Some blood-related monogenic diseases like sickle cell anemia and hemophilia could be treated with gene-edited human Hematopoietic Stem Cells (hHSC). Gene editing of hHSCs using CRISPR-like precision molecular tools offers a high level of site-specific gene correction, but it could lead to off-target deletions and mutations, some of which may have oncogenic potential. In vivo studies to evaluate the safety of such therapies are a regulatory requirement, but they are prolonged, inconvenient, use large numbers of animals, and they do not always guarantee safety or efficacy in humans.
This challenge was taken up by MOAB S.r.l., a young biotech company founded by Dr. Manuela Raimondi (Full Professor at the Politecnico di Milano) and now based in Milan at Hub Initio, thanks to the winning of the CRACK-IT grant by NC3Rs with the project: “Development of an in vitro viability and tumorigenicity index for genome-edited hHSPCs with the MOAB bioreactor”.
This project aims to develop and transfer to the industrial level a method to test therapies based on genetically modified stem cells and is carried out by MOAB S.r.l. with the scientific contribution of Dr. Raimondi lab at Polytechnic University in Milano, Dr. Balduini Lab from Università degli studi di Pavia, Dr. Brendolan Lab from IRCCS San Raffaele Scientific Institute and Dr. Di Micco Lab from The San Raffaele Telethon Institute for Gene Therapy and Dr. Biffo Lab from the University of Milan.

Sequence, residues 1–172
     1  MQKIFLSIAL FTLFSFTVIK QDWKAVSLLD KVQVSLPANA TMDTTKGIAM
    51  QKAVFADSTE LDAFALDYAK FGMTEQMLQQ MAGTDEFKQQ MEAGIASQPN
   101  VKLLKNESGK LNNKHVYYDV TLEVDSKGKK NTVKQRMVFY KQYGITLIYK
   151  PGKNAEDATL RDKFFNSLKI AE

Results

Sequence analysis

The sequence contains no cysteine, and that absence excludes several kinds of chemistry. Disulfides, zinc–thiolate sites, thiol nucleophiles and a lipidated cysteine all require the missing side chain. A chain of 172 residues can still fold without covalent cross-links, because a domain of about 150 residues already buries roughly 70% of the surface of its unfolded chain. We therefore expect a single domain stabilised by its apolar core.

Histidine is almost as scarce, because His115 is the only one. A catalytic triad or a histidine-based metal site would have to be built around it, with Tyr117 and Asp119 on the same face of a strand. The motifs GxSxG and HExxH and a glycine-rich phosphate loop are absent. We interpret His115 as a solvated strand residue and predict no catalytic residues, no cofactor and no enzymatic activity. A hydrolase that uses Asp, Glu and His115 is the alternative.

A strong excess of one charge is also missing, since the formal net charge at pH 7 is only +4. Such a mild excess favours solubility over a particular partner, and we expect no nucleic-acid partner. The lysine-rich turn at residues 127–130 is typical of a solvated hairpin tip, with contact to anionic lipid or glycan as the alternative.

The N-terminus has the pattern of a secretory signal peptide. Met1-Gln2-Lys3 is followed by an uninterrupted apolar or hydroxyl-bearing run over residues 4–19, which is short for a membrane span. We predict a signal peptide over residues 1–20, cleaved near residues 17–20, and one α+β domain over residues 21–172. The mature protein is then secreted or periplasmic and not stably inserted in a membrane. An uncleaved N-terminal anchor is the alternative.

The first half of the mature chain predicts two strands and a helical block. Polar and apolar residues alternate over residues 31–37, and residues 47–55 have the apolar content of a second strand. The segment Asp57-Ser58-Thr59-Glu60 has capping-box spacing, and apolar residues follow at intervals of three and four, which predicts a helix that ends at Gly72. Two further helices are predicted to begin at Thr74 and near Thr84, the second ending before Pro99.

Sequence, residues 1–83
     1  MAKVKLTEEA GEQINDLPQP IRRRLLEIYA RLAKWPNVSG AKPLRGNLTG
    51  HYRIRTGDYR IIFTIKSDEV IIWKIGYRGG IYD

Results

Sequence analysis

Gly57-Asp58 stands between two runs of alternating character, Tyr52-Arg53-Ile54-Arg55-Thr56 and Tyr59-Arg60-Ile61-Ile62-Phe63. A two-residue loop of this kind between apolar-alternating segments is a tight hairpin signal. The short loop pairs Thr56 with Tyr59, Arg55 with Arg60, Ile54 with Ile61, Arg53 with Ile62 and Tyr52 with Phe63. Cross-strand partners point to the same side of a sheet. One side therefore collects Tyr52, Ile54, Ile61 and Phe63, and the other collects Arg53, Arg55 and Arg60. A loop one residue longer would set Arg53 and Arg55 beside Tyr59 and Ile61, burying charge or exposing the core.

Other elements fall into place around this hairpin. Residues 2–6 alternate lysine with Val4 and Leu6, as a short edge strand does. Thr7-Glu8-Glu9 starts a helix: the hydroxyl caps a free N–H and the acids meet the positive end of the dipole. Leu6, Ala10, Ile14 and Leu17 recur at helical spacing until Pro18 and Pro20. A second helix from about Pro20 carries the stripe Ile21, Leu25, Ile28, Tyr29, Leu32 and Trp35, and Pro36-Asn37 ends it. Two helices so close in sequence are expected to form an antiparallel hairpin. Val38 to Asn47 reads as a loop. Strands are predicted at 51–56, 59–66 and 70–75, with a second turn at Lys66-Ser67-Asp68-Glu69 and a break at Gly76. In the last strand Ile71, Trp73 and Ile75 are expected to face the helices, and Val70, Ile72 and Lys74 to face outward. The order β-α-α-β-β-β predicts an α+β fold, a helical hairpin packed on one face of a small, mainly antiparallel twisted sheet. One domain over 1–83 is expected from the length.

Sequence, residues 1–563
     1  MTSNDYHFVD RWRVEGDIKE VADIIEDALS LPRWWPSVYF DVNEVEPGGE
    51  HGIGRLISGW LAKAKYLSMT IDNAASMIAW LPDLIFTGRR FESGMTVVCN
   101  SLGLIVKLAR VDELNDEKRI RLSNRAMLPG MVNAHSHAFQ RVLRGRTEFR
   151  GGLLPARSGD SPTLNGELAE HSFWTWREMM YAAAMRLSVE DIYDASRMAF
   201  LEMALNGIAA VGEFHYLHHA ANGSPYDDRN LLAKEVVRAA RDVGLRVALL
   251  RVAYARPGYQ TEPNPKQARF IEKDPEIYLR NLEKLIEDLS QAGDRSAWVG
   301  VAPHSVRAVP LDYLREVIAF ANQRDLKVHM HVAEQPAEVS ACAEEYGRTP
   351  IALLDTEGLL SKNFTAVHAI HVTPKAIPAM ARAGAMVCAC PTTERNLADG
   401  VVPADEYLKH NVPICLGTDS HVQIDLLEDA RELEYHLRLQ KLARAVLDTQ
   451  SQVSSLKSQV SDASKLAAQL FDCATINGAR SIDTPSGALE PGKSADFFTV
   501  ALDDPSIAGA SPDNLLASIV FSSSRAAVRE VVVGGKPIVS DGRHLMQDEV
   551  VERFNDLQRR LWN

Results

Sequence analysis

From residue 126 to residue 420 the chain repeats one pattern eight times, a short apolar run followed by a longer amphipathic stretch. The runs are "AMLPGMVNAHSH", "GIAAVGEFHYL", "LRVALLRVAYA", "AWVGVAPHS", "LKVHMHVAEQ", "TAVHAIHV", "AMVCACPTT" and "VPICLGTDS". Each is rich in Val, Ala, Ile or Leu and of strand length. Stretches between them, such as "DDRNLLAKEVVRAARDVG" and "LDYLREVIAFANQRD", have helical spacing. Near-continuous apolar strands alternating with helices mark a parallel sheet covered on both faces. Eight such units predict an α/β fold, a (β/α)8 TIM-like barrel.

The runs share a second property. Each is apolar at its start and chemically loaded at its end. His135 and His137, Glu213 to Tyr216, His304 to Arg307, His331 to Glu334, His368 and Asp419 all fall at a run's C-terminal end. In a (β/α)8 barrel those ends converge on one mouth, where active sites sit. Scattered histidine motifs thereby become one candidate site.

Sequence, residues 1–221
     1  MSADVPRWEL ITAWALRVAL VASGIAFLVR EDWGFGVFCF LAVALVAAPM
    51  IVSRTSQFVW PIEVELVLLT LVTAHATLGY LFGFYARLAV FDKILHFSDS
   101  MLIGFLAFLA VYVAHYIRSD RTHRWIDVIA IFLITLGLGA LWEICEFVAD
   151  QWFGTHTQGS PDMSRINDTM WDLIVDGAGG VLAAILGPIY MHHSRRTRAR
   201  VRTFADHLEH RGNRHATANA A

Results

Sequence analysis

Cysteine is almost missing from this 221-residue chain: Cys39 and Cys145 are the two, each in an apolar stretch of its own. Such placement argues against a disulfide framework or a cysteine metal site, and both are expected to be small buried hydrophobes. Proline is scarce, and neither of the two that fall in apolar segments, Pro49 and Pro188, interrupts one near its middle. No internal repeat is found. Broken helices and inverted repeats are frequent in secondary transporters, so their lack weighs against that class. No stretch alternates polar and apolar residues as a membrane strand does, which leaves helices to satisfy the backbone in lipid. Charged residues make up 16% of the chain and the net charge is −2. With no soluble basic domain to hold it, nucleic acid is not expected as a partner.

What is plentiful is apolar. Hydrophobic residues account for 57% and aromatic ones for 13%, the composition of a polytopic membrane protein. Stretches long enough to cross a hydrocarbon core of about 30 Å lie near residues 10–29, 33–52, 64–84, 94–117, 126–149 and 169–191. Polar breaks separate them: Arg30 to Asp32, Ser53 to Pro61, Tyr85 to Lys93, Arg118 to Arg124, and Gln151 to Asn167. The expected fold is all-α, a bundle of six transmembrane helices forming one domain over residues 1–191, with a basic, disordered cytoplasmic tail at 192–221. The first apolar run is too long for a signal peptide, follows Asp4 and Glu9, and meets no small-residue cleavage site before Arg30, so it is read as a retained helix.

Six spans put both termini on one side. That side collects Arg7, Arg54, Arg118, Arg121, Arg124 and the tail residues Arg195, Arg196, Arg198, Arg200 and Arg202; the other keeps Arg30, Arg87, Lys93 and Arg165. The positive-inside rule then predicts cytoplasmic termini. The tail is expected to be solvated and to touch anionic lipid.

Sponsored by Bayer, Novartis, and Takeda, this two-step challenge aims to replace in vivo tumorigenicity studies with an in vitro model for assessing the safety of genome-modified human hematopoietic stem cells. A major limitation to establishing whether hHSPCs undergo transformation after gene editing procedures is the lack of adequate in vitro models capable to replicate more complex in vivo multi-organ systems (e.g., bone marrow, lymph node, liver) with tissue microenvironment (multicellular niches) where migration, proliferation, and differentiation of haematopoietic cells occurs dynamically. The MOAB team overcame this limitation by developing a physiologically humanized multi-organ system that reproduces the complexity of the bone marrow and lymph node structure and composition while also supporting the long-term culture of human hHSPCs. In phase 2 of the project, currently ongoing, the team is using the proprietary optically-accessible bioreactor to capture rare events of differentiation and dissemination of hHSPCS while using high-resolution confocal and two-photon imaging coupled with light-sheet microscopy to reconstruct the different microenvironments and establish cell-cell interaction and distribution within the multicellular niche.
The innovative bioreactors developed by MOAB enables the researchers to observe the tissue perfusion process, one of the primary difficulties encountered in tissue engineering because the culture typically takes place within technologies that prevent its control in real time. MOAB’s new microscopy plate, equipped with three culture chambers to facilitate repeatability, solves this problem. Dr. Raimondi and her colleagues have tested this technology for several years and have obtained in vitro drug responses comparable to responses observed in animals for chemotherapy for metastases, for stem cells in neurodegeneration-based therapy, and for genetically modified cell therapy for muscular dystrophy.
Safety is only one of the advantages of this technology; in the best-case scenario, companies will have a massive reduction in preclinical tests costs and a significant reduction in the time to market for new drugs.